Confidentiality and HIPAA
Security of confidential information is a social, legal, and ethical responsibility of organizations that receive medical information. UMD Health Services has adopted a policy to protect the confidentiality of patient data, whether electronic or printed and including financial information.
All patient records maintained by Health Services are private. Only authorized Health Services personnel may release patient records, and then, only with written authorization or verbal permission from the patient. Parents of patients eighteen years and older, parents of emancipated minors, spouses, and other next of kin will not have access to the medical record without the authorization of the patient.
For students attending UMD under the age of 18, consent is required from parents to use Health Services; if this pertains to you, please see the Minor Consent form.
The Overview of HIPAA Privacy and Security describes how medical information about a patient may be used and disclosed and how patients can get access to this information.
Health Services abides by the following protocol with regard to the release of medical information:
- Each transfer of medical records requires a release form signed by the patient. This form allows exchange of Counseling/Medical Records for one year.
- Consent for the release of medical information can be revoked at any time by providing UMD Health Services with a written statement specifically revoking the authorization.
- A copy of the authorization form will be provided to the patient upon his/her request.
- By authorizing the use or disclosure of information, there will be no conditions placed upon the patient's health care.
- Information disclosed by the authorization may be subject to re-disclosure by the recipient and no longer protected by Federal privacy regulations.
- In compliance with MN Statute 144.33, a patient may be required to pay a fee for retrieval and photocopying of records and/or a supervised inspection of medical records.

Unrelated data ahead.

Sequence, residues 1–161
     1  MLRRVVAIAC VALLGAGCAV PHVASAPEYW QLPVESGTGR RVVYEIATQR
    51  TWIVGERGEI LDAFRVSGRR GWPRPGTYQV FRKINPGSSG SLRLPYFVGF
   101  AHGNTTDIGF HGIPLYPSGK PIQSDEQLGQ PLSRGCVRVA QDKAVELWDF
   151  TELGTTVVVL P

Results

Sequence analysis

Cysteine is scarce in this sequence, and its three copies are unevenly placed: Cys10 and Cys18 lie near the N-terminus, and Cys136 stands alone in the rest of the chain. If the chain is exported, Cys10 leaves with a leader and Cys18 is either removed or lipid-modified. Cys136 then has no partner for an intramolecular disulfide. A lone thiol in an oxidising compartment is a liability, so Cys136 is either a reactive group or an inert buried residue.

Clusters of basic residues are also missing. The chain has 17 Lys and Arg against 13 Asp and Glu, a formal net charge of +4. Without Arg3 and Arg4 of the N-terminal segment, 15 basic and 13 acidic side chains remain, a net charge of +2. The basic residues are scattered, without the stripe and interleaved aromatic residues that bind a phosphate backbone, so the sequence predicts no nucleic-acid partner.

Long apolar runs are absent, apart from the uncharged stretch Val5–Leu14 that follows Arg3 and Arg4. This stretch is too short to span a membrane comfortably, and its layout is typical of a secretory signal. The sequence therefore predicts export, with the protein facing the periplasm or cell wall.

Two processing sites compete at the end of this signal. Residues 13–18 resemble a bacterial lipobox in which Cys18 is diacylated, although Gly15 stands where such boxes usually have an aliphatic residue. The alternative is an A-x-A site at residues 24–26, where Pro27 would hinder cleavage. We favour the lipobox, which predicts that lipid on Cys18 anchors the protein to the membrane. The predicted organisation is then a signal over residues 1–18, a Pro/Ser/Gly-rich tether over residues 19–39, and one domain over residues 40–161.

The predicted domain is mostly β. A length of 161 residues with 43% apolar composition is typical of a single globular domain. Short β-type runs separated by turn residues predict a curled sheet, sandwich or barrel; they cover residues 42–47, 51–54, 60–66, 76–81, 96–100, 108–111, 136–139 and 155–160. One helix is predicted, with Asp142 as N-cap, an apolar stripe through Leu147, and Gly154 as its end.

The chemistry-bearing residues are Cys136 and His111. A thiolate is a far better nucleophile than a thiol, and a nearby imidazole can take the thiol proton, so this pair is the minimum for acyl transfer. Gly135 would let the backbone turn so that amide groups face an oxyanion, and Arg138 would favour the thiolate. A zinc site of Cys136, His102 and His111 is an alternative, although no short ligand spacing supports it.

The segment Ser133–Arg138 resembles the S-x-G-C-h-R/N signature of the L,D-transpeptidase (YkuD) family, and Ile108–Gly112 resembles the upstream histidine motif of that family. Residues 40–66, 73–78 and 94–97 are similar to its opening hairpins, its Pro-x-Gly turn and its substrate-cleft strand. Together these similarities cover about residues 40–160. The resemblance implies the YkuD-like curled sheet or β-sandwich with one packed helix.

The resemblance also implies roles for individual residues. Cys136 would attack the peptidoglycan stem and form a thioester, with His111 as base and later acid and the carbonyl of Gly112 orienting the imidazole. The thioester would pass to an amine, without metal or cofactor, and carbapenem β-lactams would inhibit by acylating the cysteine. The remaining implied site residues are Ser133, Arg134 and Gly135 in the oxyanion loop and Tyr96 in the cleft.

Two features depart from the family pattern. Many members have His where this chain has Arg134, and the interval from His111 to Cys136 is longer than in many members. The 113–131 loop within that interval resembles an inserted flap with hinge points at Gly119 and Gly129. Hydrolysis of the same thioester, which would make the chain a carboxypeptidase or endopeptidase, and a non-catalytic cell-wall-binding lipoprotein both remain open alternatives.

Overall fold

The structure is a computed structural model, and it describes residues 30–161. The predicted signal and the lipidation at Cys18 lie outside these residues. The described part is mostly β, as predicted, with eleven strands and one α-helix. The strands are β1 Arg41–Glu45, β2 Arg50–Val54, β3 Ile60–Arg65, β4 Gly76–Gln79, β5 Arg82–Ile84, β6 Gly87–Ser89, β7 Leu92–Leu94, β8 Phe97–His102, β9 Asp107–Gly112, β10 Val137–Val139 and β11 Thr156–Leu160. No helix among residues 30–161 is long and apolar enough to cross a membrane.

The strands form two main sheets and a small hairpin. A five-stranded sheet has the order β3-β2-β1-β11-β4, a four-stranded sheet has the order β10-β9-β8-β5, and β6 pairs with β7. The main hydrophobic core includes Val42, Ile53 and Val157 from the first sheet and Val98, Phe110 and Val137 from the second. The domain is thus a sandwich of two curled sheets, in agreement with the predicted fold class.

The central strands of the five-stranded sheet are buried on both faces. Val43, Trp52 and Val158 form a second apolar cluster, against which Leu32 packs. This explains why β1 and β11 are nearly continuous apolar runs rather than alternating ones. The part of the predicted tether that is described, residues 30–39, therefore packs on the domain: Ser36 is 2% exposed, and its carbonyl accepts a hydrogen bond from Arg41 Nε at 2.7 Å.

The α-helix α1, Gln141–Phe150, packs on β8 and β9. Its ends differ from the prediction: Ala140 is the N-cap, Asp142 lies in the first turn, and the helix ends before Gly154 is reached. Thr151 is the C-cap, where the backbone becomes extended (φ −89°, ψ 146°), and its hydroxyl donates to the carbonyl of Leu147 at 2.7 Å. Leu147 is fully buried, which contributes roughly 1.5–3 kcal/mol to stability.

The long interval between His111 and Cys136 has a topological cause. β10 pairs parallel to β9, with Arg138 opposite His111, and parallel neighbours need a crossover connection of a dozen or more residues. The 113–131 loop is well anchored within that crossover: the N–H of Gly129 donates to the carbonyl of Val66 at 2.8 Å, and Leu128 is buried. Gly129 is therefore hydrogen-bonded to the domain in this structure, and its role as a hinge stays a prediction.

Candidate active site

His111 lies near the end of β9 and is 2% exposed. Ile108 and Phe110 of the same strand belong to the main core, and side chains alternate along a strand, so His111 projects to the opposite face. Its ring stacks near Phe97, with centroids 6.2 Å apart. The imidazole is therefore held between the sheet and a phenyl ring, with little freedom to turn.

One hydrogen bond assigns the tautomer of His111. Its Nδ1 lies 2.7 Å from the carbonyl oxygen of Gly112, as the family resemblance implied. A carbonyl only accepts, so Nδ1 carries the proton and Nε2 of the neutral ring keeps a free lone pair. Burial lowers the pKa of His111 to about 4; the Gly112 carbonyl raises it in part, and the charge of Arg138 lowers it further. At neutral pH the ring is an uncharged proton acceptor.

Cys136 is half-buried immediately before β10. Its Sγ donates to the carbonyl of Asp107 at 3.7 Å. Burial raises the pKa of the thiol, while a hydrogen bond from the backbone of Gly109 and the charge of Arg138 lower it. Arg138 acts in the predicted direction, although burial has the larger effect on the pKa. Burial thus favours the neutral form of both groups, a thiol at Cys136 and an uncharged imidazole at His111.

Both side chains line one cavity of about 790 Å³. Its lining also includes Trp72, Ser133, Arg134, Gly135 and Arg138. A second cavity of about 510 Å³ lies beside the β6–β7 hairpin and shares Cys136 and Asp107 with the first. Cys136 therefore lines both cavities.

As a patient at UMD Health Services, you have choices, rights and responsibilities.
- To health care regardless of age, race, gender, religion, disability, national origin, or sexual orientation.
- To be treated with dignity and respect.
- To know the names and professional status of people serving you.
- To privacy.
- To confidentiality.
- To receive accurate information about your health related concerns.
- To know the effectiveness, possible side effects, and problems of all forms of treatment.
- To participate in choosing a form of treatment.
- To receive education and counseling.
- To consent to, or refuse, care and/or treatment.
- To select and/or change your health care provider.
- To review your medical records with a clinician.
- To a second professional opinion regarding diagnosis or treatment.
- To information about services and related costs.
- To refuse to be a participant in research without jeopardy to future health care.
- To accurate marketing and advertising information.
- To seek medical attention promptly.
- To be honest about your medical history.
- To ask about anything you don't understand.
- To follow health advice and medical instruction.
- To report any significant changes in symptoms or failure to improve.
- To respect clinic policies.
- To keep appointments or cancel in advance.
- To seek non-emergency care during regular hours.
- To provide useful feedback about services and policies.
- To pay any charges billed to you.
Special thanks and credit to Creighton University for this model.